My take has always been that this facility is dangerous due to high number of intersections and driveways, every 100 feet or so. The “protected” nature of this facility creates a false sense of security to novice users making those users blissfully unaware of how difficult it is for drivers to see them there in a very unconventional location. Bluebonet is also a minor collector type street with 25 maybe a 35 mph speed limit (I forget). It’s just not a candidate for such a facility. I would have eliminated parking from one side of the street, put in well designed conventional bike lanes on each side of the street, maybe with protective traffic islands every so often to provide traffic calming and a sense of security while maintaining conventional lane placement and sight-lines.

    For comparison kids of all ages get to school just fine in Davis California (there’s no student busing in Davis) on conventional bike lanes, multi-use paths (greenways) even excellently design sidepaths (multi-use paths that happen to be on the side of the road that have few to no road or driveway crossings). The end result is that the facilities are useful to all cyclists, regardless of skill level but most of all SAFE! This is evidenced in Davis’ 19% bicycle mode share using conventional bicycle amenities (i.e. those that predate NACTO). See this classic Streetfilms video:

    Again, I don’t think protected bike lanes or cycletracks are inherently bad. It’s just that some of the designs that have popped up lately are poorly thought through and full of safety flaws. The facilities in Davis were designed by progressive but highly experienced, “old timer” cyclists, not green, just out of grad school 20 somethings, and that makes a world of difference.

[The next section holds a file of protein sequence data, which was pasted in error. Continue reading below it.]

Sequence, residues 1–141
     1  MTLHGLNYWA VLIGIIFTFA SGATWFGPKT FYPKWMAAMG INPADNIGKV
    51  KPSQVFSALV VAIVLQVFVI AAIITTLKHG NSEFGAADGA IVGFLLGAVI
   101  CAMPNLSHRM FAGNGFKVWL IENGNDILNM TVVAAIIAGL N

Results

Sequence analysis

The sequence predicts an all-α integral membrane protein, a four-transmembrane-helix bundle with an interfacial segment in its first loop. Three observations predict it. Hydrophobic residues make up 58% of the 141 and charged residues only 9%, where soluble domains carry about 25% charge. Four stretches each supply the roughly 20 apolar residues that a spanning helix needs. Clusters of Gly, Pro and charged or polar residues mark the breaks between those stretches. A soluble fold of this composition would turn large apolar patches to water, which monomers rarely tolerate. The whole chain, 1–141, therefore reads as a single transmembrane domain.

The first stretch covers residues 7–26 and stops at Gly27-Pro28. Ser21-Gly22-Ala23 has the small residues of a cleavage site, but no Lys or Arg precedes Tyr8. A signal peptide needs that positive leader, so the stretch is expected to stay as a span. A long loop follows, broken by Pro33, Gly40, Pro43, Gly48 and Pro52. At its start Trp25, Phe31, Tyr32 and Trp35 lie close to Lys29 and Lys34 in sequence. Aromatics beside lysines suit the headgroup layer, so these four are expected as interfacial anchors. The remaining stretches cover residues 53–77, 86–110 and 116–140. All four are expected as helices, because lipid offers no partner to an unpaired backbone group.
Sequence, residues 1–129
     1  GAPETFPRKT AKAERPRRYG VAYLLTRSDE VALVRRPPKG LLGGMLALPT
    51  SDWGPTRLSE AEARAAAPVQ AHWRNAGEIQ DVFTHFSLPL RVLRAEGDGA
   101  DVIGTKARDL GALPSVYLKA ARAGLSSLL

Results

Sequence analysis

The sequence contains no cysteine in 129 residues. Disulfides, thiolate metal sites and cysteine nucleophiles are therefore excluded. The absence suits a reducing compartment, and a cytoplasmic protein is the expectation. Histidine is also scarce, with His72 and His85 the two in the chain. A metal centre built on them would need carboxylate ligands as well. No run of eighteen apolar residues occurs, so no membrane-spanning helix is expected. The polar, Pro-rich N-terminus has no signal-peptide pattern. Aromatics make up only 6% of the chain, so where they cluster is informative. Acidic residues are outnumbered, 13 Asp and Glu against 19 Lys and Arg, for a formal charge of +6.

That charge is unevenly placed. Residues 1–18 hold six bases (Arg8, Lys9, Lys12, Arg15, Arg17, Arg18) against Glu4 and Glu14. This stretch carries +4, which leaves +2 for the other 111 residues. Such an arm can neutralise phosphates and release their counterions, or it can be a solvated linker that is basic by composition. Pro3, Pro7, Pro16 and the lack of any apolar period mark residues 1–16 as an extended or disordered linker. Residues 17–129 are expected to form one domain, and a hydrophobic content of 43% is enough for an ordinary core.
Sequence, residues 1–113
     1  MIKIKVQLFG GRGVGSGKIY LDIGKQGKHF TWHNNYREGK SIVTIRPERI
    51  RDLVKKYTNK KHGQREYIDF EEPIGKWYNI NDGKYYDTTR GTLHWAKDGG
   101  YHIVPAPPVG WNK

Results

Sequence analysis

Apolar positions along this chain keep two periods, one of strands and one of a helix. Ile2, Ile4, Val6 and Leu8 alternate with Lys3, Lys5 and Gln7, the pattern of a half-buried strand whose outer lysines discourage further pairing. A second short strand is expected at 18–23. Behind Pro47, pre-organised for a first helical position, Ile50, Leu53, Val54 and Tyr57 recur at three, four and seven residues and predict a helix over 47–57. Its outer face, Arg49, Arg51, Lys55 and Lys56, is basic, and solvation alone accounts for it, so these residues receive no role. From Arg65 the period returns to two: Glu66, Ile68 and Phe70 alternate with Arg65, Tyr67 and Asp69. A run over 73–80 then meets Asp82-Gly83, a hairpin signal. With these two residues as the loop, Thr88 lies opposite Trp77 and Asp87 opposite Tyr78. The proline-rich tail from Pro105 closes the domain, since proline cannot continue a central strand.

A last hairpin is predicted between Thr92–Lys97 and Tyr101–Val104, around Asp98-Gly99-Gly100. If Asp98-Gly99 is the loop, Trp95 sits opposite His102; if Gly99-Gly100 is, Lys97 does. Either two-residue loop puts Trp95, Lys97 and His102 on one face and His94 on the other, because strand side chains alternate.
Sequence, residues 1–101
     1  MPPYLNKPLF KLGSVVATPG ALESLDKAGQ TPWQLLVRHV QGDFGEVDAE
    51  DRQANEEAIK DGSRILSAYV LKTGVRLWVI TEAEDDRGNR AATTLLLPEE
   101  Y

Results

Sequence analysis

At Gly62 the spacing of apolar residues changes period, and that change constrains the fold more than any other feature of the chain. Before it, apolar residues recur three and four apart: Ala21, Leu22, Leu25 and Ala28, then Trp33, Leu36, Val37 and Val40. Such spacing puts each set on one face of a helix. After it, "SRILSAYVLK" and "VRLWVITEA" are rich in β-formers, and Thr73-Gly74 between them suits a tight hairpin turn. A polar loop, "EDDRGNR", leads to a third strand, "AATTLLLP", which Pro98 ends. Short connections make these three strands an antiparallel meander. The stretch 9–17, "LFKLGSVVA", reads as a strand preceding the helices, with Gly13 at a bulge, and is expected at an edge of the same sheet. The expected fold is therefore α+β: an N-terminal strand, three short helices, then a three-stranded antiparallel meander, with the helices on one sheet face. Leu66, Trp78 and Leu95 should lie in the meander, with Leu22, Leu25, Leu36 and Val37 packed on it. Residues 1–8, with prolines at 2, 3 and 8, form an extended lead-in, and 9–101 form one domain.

The Bluebonet Cycletrack is probably the worst I’ve ever seen, yet People for Bikes continues to hold this up as a model facility leaving me to strongly call into question their competence as bicycle advocacy organization.

  • Andy B from Jersey

    I do! I’m an LCI who can teach the advanced classes.

    Even when I “control the lane,” I’ve dealt with distracted or flat out belligerent drivers. Also, since Seattle has long made efforts to build multi-use pathways paralleling major thoroughfares, there is not much of a need to ride on high-speed arterials and I appreciate that!

  • Andy B from Jersey

    Wow TomG! As an LCI I have a REAL problem with your thinking! I rode in New Jersey for 20 years which has squat for on-street bicycle facilities and my Vehicular Cycling skills really saved my backside. Still, it is a skill that most will never master. The REAL problem remains the typical American driver which Seattle drivers are a pleasant exception.

  • Andy B from Jersey

    I agree that motorists don’t see motorcyclists because they are looking only for cars. I don’t think they don’t see (double negative) slow motorcyclists vs. fast cyclists. Here we will have to agree to disagree.

  • Joe R.

    Fatal “hit from behind” collisions typically occur on two lane country roads where speeds are high, and there isn’t a lot of room for error on either the part of the cyclist or the motorist. They rarely occur on wide city arterials with much lower speeds. That’s the point several people here are making. Protected bike lanes are a solution in search of a problem in the majority of places they’re used. In fact, they often create more problems than they solve, particularly because their design often shuts out faster riders. Those riders will then ride in the street with motorists shouting at them to use the bike lane.

  • oooBooo

    They expect bicyclists to be slow, they expect everything on side paths to be slow. They don’t expect anything to be moving at speed over there. They see only what they look for.